Dear Straight Dope: Everybody’s heard of Napoleon, of course, and Napoleon III was pretty famous too (mostly for being a total fool). My question is, was there a Napoleon II? Or was he Napoleon, Jr.? Sam Larson
SDStaff Dex replies:
There was indeed a Napoleon II, but he was not widely known by that title, except by devout Bonapartists. He was Napoleon Francis Joseph Charles, Duke of Reichstadt, the only son of Napoleon I (the one everybody’s heard of ) and Marie Louise, Archduchess of Austria, Duchess of Parma. He was born March 20, 1811, in the Tuileries palace in Paris, at the time that his father ruled Europe (I oversimplify here, or we’d never get to the punch line). Whoa, you say, what about the very famous Josephine, wife of Napoleon? Alas, she had grown old,he was tired of her, and–probably most critical — she had given Napoleon no heir. He was anxious to establish an enduring dynasty. He had placed his brothers and cousins on various thrones throughout Europe, he needed a son to carry on. Although it was regretted by the people, Josephine was dethroned, and Napoleon married Marie Louise, daughter of the Emperor of Austria, in 1810.
She did not disappoint, their son was born about a year later, and the infant was named King of Rome (following the analogy of the heirs of emperors of the Holy Roman Empire).
Of course, three years after that, Napoleon’s empire had crumbled (April 1814). Napoleon abdicated in favor of his son, but events prevented the reign of Napoleon II from being more than titular. Napoleon was exiled to Elba; Marie-Louise and son went to Vienna. A great congress met in Vienna with representatives from all of Europe to try to redraw the national boundaries that Napoleon had so blithely erased. They had hardly begun when news came that Napoleon had escaped from Elba and was at it again.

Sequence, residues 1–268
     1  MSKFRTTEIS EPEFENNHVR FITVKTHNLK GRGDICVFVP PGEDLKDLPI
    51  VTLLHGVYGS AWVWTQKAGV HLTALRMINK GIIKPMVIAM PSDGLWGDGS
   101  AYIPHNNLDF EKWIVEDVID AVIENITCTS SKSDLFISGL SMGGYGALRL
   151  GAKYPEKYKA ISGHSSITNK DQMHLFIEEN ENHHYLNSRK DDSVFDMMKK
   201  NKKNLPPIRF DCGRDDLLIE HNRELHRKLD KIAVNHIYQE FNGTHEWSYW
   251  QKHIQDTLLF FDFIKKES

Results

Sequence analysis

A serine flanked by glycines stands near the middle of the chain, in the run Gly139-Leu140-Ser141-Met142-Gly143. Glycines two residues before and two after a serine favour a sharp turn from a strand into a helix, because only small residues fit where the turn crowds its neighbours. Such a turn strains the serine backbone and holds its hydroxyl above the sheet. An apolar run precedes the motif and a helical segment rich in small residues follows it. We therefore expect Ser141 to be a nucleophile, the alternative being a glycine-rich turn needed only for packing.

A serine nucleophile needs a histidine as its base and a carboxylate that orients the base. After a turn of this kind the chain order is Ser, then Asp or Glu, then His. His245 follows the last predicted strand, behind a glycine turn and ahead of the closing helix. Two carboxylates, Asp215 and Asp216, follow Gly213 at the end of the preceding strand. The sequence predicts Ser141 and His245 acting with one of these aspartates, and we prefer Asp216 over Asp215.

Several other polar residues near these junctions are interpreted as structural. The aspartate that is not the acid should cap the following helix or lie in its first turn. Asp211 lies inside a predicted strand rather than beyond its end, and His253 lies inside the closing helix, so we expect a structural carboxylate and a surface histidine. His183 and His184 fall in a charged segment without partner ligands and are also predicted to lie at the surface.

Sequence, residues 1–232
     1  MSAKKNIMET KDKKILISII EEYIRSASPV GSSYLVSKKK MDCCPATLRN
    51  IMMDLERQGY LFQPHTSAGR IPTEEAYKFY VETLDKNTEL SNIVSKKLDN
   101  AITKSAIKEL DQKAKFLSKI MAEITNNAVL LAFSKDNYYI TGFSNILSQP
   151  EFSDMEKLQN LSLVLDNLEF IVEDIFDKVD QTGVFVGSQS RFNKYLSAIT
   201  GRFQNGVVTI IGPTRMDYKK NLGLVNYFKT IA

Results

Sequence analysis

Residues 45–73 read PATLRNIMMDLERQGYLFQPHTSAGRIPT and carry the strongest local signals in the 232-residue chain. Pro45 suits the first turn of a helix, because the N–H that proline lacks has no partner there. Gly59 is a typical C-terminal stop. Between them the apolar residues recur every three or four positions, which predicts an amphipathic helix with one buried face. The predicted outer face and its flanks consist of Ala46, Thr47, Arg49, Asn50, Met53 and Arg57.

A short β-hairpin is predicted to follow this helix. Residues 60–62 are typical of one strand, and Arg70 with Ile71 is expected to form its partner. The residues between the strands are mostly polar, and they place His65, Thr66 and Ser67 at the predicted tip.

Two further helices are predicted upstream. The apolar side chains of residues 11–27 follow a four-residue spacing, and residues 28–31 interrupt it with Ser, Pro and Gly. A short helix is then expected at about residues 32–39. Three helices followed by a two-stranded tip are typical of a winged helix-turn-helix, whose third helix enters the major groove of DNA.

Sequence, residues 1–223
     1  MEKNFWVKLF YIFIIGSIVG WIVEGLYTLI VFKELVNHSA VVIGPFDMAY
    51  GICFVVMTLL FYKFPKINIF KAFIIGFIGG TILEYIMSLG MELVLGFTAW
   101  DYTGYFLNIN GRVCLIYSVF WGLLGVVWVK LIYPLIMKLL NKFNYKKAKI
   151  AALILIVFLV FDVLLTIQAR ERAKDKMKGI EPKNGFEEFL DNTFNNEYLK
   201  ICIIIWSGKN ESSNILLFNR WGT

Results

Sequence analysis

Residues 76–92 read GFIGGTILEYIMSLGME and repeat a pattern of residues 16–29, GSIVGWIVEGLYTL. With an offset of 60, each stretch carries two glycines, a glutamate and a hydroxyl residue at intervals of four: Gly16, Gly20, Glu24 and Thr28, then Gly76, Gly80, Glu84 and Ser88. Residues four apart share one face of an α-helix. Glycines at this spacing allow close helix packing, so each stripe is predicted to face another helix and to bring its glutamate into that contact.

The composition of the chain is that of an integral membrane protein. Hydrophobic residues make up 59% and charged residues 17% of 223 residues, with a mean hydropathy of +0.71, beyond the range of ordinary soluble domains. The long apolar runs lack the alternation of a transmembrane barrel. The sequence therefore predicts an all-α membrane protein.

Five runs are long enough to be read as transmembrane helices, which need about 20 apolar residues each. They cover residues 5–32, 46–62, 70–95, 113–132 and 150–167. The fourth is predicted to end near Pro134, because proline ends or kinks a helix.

He landed on March 1, 1815, and the famous Hundred Days saw him become master of France. Then came the Battle of Waterloo of June 18, 1815, which saw his final defeat and abdication. He was exiled to St. Helena, where he was treated as prisoner of war, and died in May 1821.
Now, back to Napoleon’s kid. In the settlements of 1814 and 1815, the European Powers opposed any title or claims on the part of the little prince. He remained at Vienna, a pawn in the complex games of European politics … of whom one mastermind was Prince Metternich of Vienna. On occasion, Metternich brought up the name of Napoleon II, but to accomplish his own ends. On other occasions, he was championed by the supporters of Italian unification (for his role as son of the Duchess of Parma); and every so often, the malcontents in France would use his name to discourage the French Bourbon monarchy (restored after the defeat of Napoleon).
In November 1816, the court of Vienna informed Marie Louise that her son could not succeed to her title as ruler of Parma; this decision was confirmed by the Treaty of Paris of 1817. The title “Duke of Reichstadt” was given to Napoleon Jr. in 1818, as sort of a consolation prize. Thus, Napoleon I, who once averred that he would prefer his son be strangled rather than be brought up as an Austrian prince, lived to see his son reduced to a rank inferior to that of the Austrian princes.
Napoleon II — well, whatever he should be called — was described as precocious, volatile, passionate, and fond of military matters. He indulged heavily in physical exercise, but was described as “weakly.”
In 1830, when there was widespead upheaval in France, the French Bonapartists thought of Napoleon II. However, Metternich had no intention of inaugurating a Napoleonic revival.
The only child of Napoleon I died on July 22, 1832, from “weakness of the chest.” Whatever the heck that means.
And so his cousin Charles Louis-Napoleon Bonaparte assumed the headship of the Bonaparte family. Louis-Napoleon was been born on April 20, 1808, the third son of the brother of Napoleon I, Louis Bonaparte (who was King of Holland at the time). His two older brothers died, one in infancy and one in 1831. So the future Napoleon III was the nephew, not the grandson, of the first Napoleon.
The nomenclature is sticky. Even today, the British tend to refer to Napoleon I as “Bonaparte,” by his last name, not recognizing his Imperial title. Most of Europe refused to recognize the title Napoleon II, so the son of Napoleon is officially Duke of Reichstadt. Obviously, however, Louis-Napoleon (as an ardent Bonapartist) DID recognize Napoleon II, and so took the title Napoleon III when he was proclaimed Emperor of the French in 1852.
The rest is history. Well, it’s all history, for that matter, but you know what I mean.
SDStaff Dex, Straight Dope Science Advisory Board
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